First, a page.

Patrick Reed gained a small measure of revenge for last month’s Ryder Cup defeat by knocking European hero Jamie Donaldson out of the Volvo World Match Play Championship.
And another member of the victory at Gleneagles also fell by the wayside at The London Club yesterday as defending champion Graeme McDowell suffered his second successive defeat.
McDowell lost by two holes to Holland’s Joost Luiten to miss out on the knockout stages for the first time in four appearances in the event, the Northern Irishman having reached the quarter-finals in 2011, the final in 2012 and winning last year in Bulgaria.
Scotland’s Stephen Gallacher had already been eliminated after losing his first two matches, leaving Victor Dubuisson and Henrik Stenson to fly the flag for the victorious European team this weekend. Stenson and Reed will enjoy a re-match of their Ryder Cup singles clash in the semi-finals if they can see off Jonas Blixt and George Coetzee respectively in the last eight, with Dubuisson taking on Mikko Ilonen and Luiten facing Pablo Larrazabal in the other quarter-finals.
“Henrik will have revenge on his mind but I will too,” said Reed, who beat Stenson on the 18th at Gleneagles to finish as the top US points scorer on his debut.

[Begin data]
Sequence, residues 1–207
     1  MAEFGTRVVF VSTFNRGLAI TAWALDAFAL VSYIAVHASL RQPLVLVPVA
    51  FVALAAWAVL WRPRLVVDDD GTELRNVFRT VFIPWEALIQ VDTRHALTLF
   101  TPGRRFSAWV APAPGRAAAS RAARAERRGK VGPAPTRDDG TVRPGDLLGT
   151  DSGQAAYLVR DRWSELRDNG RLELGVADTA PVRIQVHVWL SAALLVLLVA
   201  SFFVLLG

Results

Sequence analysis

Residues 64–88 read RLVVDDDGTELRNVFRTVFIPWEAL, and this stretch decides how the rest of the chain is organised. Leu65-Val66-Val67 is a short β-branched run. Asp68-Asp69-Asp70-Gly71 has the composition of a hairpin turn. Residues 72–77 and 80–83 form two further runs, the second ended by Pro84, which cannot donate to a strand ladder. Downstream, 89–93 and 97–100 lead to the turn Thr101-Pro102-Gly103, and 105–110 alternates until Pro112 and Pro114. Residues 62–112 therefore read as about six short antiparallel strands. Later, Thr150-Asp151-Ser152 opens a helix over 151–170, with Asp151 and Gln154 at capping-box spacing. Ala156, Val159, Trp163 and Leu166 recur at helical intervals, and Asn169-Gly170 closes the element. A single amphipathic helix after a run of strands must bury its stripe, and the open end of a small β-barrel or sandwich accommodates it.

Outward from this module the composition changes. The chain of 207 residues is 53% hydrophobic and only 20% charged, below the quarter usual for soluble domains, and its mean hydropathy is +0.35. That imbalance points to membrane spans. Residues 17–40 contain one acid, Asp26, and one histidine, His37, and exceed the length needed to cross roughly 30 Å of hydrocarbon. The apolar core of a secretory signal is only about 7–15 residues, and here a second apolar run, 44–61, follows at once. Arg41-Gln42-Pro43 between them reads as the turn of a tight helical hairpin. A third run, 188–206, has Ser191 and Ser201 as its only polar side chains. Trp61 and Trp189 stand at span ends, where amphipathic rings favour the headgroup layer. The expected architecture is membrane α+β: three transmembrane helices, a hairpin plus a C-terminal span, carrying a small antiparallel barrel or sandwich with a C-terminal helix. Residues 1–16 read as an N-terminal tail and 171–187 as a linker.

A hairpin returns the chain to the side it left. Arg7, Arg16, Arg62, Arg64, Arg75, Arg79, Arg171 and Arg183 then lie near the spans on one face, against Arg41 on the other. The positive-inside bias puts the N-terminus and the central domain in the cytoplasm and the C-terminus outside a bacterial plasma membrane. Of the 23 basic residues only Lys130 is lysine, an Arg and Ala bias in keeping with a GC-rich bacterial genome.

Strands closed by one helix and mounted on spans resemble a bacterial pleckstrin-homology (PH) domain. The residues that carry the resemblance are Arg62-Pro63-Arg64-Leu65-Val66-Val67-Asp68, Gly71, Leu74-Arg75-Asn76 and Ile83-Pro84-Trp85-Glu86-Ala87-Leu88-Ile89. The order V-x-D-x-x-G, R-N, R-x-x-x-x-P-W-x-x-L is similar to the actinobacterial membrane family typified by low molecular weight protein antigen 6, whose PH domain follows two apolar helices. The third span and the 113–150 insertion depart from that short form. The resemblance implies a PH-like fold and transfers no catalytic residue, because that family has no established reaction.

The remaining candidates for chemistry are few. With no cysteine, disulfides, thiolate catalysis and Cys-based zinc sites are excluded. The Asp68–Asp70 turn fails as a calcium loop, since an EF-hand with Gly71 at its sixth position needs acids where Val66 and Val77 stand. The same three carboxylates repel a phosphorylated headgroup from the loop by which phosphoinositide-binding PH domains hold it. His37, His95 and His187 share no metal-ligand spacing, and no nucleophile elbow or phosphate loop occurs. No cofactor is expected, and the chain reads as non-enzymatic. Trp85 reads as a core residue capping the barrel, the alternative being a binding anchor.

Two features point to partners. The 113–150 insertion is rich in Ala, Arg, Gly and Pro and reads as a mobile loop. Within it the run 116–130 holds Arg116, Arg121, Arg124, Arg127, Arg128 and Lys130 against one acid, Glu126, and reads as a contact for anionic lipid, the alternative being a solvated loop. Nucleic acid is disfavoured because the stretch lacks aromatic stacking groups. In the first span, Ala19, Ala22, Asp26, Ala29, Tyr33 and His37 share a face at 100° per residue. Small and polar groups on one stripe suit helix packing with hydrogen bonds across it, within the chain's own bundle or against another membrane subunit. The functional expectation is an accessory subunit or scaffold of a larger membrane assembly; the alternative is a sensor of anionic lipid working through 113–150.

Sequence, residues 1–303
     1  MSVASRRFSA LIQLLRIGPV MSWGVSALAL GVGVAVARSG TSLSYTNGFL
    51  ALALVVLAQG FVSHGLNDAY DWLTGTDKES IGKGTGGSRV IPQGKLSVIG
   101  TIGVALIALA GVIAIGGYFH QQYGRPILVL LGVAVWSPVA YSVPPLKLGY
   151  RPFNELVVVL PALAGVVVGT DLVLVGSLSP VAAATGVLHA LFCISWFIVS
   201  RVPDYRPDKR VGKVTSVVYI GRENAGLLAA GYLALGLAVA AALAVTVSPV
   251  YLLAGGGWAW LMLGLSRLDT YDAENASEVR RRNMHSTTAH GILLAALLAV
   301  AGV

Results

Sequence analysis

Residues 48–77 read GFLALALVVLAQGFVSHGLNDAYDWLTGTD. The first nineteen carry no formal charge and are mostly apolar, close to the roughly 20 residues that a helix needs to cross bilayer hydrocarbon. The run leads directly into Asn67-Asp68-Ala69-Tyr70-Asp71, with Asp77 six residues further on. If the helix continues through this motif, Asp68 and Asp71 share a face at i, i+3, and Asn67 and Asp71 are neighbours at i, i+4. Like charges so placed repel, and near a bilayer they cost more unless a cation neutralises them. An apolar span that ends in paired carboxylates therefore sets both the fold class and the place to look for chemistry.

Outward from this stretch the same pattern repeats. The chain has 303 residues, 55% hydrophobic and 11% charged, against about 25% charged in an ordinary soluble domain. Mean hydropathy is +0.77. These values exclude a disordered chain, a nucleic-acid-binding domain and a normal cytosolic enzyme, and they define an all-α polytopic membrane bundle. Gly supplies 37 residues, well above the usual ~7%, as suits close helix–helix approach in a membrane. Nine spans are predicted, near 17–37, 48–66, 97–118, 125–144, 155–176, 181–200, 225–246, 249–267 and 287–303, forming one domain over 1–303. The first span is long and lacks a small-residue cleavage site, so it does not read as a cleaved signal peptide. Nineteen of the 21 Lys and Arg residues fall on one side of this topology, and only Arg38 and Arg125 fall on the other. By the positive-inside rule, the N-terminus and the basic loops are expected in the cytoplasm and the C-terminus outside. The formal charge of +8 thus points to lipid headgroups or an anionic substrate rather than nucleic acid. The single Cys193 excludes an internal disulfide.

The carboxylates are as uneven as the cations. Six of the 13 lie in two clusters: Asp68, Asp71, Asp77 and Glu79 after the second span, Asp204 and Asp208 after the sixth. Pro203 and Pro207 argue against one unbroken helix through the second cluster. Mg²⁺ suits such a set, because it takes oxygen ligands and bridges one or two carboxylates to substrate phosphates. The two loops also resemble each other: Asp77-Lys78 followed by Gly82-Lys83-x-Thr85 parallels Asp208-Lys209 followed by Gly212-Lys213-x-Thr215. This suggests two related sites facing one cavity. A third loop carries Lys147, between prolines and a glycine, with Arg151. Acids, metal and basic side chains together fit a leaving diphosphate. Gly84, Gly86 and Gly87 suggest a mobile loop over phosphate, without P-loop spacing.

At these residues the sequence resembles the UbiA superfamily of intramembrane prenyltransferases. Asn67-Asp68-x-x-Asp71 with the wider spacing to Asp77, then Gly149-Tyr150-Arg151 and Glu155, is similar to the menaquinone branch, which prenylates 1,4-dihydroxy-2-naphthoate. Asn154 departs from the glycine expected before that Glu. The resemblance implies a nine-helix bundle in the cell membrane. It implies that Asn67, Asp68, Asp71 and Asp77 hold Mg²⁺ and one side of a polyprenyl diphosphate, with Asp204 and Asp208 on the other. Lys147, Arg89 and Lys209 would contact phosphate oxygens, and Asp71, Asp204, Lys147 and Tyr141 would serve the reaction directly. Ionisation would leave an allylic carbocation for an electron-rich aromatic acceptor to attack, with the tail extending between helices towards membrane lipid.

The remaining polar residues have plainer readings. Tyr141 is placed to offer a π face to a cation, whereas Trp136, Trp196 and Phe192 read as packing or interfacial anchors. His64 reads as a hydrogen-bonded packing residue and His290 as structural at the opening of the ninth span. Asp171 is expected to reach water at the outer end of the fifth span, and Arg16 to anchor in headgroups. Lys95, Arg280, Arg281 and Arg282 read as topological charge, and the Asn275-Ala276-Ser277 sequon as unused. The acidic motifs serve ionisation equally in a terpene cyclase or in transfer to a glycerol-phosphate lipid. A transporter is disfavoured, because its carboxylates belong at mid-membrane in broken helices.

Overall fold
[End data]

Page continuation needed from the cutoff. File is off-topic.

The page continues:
“I might have the ‘W’ in the singles but he has the cup and I don’t.”
Donaldson, who secured the winning point against Keegan Bradley to make it three wins from four matches on his debut, was never ahead against Reed, who carded six birdies but was also crucially gifted the 11th when Donaldson three-putted from close range.
Birdies on the 12th and 14th took Reed four ahead with four to play and although Donaldson kept the match alive by almost holing his second shot to the par-five 15th and hitting his tee shot to two feet on the next, Reed also made birdie on the 16th to seal the win.
Reed hit the headlines at the Ryder Cup for signalling to the European fans to keep quiet when he made crucial putts, but admitted he expected more banter with the crowds this week.
“I had a couple of shushes on eight,” he said. “If I had made the putt I would have turned round to do it back and try to get them going but unfortunately I missed it!”
The best golf of the day came in the match between Blixt and Paul Casey, who both finished 10 under par and went into a sudden-death play-off to decide who finished second to Reed. A par at the first extra hole was enough for Blixt to advance after Casey’s approach found water at the green.